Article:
Judicial inquiry needed into SABC - The Foundations' Initiative

By censoring some news while privileging other news broadcaster stifling open debate and free flow of information and ideas


8 July 2016

We, the undersigned Foundations, informed by the commitment to the constitutional imperative of an independent public broadcasting service which faithfully contributes to democracy as laid down in the Broadcasting Act, wish to express ourselves strongly about recent and on-going events at the South African Broadcasting Corporation (SABC).

Elements within the SABC have established a deeply troubling practice of flouting corporate governance principles, disregarding labour legislation and honouring the Broadcasting Act, the Constitution of the Republic and the SABC Charter more in the breach than in their observance.

We note, with deep concern, that the Public Protector and the courts have made adverse findings against the SABC’s Chief Operating Officer, Mr. Hlaudi Motsoeneng, which Communications Minister Faith Muthambi and the SABC Board have ignored.

The SABC’s or more accurately, Mr. Motsoeneng’s arbitrary decision to censor the broadcast of violent protests in the country takes the breach to new levels, and offends against the Constitution of the Republic, the Broadcasting Act, the SABC Charter and basic democratic ethos, all of which enjoin the SABC to inform the nation in a scrupulously fair, impartial and accurate a manner.

By censoring some news while privileging others, the SABC is stifling open debate and the free flow of information and ideas. This threatens the very essence of our democracy.

In our constitutional framework, there is no justification for the public broadcaster to censor broadcasts unless with the expressed determination of the Independent Communication Authority of South Africa or the Broadcasting Complaints Commission of South Africa. To allow Mr. Motsoeneng to forge ahead with the litany of his arbitrary decisions is to surrender our freedom!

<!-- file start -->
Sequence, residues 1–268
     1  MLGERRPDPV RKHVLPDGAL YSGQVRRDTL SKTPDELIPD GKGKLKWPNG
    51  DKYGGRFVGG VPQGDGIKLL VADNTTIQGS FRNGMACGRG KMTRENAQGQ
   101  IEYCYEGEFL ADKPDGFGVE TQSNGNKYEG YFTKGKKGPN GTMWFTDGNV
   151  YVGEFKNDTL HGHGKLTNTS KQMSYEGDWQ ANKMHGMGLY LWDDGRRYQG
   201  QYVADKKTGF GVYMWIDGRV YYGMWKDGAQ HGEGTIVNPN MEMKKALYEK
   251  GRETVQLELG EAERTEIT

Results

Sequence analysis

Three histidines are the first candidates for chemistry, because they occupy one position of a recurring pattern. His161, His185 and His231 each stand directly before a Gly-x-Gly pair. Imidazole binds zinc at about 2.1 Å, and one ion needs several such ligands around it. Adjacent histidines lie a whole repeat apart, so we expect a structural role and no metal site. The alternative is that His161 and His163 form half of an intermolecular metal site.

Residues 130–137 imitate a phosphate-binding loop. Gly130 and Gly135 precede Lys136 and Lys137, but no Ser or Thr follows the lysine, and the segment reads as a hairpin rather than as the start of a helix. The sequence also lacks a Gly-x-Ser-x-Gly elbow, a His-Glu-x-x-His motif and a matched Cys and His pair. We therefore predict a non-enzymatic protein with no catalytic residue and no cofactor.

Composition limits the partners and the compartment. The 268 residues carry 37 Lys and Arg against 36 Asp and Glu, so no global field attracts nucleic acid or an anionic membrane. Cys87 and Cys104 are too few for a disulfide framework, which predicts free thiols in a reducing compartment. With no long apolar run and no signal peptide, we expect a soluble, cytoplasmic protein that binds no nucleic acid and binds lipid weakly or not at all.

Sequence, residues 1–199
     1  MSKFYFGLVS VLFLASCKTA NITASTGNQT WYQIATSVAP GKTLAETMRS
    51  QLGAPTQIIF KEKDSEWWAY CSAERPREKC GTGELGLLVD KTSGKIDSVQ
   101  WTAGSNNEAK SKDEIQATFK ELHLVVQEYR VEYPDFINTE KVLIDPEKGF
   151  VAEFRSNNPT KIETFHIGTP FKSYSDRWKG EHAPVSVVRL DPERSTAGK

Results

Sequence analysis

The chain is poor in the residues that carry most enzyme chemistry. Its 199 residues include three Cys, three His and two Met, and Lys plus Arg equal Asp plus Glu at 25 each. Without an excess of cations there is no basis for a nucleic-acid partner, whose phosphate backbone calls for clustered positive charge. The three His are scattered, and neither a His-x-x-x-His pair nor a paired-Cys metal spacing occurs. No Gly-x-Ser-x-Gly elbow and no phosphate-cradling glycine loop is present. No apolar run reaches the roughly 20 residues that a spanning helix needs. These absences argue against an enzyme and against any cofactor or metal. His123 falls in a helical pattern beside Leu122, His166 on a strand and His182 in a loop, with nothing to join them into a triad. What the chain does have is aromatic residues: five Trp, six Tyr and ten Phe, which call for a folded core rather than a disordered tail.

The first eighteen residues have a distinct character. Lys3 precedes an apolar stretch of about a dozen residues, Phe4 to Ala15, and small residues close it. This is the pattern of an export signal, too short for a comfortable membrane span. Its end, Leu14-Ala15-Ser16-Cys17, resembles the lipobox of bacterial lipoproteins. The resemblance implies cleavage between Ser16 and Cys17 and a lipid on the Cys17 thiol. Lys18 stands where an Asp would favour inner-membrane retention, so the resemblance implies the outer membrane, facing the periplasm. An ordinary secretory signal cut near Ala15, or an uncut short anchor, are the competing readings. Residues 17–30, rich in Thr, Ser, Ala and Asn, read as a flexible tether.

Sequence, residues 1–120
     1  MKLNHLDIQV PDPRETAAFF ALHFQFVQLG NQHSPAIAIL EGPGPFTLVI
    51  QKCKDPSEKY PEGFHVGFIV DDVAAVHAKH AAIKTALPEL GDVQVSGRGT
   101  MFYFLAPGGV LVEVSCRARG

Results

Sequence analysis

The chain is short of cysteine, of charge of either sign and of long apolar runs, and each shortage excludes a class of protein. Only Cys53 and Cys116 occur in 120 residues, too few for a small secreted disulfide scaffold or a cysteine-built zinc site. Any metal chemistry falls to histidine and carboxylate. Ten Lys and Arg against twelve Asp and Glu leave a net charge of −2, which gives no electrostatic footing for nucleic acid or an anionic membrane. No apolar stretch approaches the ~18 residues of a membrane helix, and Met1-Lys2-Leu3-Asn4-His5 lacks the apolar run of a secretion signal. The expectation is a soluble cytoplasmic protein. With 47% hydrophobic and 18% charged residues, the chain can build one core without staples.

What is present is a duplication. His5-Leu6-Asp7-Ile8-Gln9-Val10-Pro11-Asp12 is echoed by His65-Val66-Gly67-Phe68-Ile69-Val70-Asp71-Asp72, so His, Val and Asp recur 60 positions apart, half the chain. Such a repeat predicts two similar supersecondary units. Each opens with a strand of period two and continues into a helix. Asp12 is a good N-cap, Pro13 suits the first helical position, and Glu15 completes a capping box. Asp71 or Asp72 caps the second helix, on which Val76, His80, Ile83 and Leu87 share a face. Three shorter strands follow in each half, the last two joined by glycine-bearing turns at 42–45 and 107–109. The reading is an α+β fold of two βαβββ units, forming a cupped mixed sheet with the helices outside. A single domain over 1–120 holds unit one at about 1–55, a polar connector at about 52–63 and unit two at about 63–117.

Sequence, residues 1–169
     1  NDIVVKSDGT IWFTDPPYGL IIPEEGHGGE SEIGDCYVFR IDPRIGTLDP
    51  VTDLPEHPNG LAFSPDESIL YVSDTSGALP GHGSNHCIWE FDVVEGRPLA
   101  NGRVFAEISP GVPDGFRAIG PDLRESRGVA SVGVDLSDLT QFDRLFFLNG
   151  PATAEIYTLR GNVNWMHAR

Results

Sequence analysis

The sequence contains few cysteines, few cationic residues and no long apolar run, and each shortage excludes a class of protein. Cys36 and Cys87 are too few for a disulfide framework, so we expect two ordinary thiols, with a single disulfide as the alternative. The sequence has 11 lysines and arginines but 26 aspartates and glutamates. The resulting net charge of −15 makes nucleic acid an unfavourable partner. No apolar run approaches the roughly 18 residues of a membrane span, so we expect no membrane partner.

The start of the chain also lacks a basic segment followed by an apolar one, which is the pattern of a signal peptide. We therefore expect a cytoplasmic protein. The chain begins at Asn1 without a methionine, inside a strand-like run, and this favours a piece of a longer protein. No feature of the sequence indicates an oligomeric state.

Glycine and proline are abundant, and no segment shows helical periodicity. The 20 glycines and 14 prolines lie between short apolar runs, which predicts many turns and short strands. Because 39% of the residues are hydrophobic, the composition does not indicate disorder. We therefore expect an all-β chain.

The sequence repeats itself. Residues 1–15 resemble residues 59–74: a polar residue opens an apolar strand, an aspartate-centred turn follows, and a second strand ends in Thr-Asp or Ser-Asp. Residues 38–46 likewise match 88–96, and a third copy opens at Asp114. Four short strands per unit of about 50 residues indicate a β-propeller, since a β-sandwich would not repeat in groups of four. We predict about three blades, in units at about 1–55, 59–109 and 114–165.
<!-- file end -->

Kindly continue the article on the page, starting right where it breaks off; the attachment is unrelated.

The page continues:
We recall that in the document, “Ready to Govern: ANC Policy Guidelines for a Democratic South Africa,” the ANC committed itself to encouraging “the development of a national democratic culture,” to “engender a culture of open debate” and affirmed its belief “that the transition to democracy in South Africa entails a movement from a closed society into one based on a free flow of information and a culture of open debate.”

Elsewhere, the document states: “At the core of democracy lies the recognition of the right of all citizens to take part in society’s decision-making process. This requires that individuals are armed with the necessary information and have access to the contesting options they require to make informed choices. An ignorant society cannot be democratic.”

The Foundations submit that President Jacob Zuma should immediately constitute a Judicial Commission of Inquiry to review and make recommendations concerning the SABC corporate governance systems, operations, adherence or otherwise to the Constitution of the Republic, the Broadcasting Act, the SABC Charter and all relevant labour legislation.

We also note that other public institutions have experienced or are experiencing similar governance breaches and leadership failures. These include but are not limited to the unceremonious coerced departure of senior personnel, often resulting in leadership vacuum, questionable procurement and other ill-advised decisions as well as appointments of people of doubtful backgrounds, qualifications and abilities.

This trend has manifested at the National Directorate of Public Prosecutions, the South African Police Service, the Directorate for Priority Crime Investigation (Hawks), the Independent Police Investigative Directorate (IPID), PRASA, South African Airways, the South African Post Office, the South African Revenue Service, the National Energy Fund, PetroSA and now recently, the Council for Scientific and Industrial Research (CSIR).

The cumulative effect of the crises in each of these institutions portends the destruction of public services and the state machinery itself. This in turn constitutes a threat to the wellbeing of the people as a whole and therefore our national security. As the poet put it, “Things fall apart; the centre cannot hold; Mere anarchy is loosed upon the world.”

Our country cannot and must not accept this!

Note: The Foundations’ Initiative is a project of the Chief Albert Luthuli, Desmond and Leah Tutu Legacy, Robert Sobukwe, Helen Suzman, Umlambo, FW De Klerk, Jakes Gerwel and Thabo Mbeki Foundations to facilitate a national dialogue about our country’s opportunities and challenges, to explore solutions to the latter and together to harness our collective energy towards the realisation of the former.

Statement issued by Nomhle Canca. Foundations Initiative, Johannesburg, 8 July 2016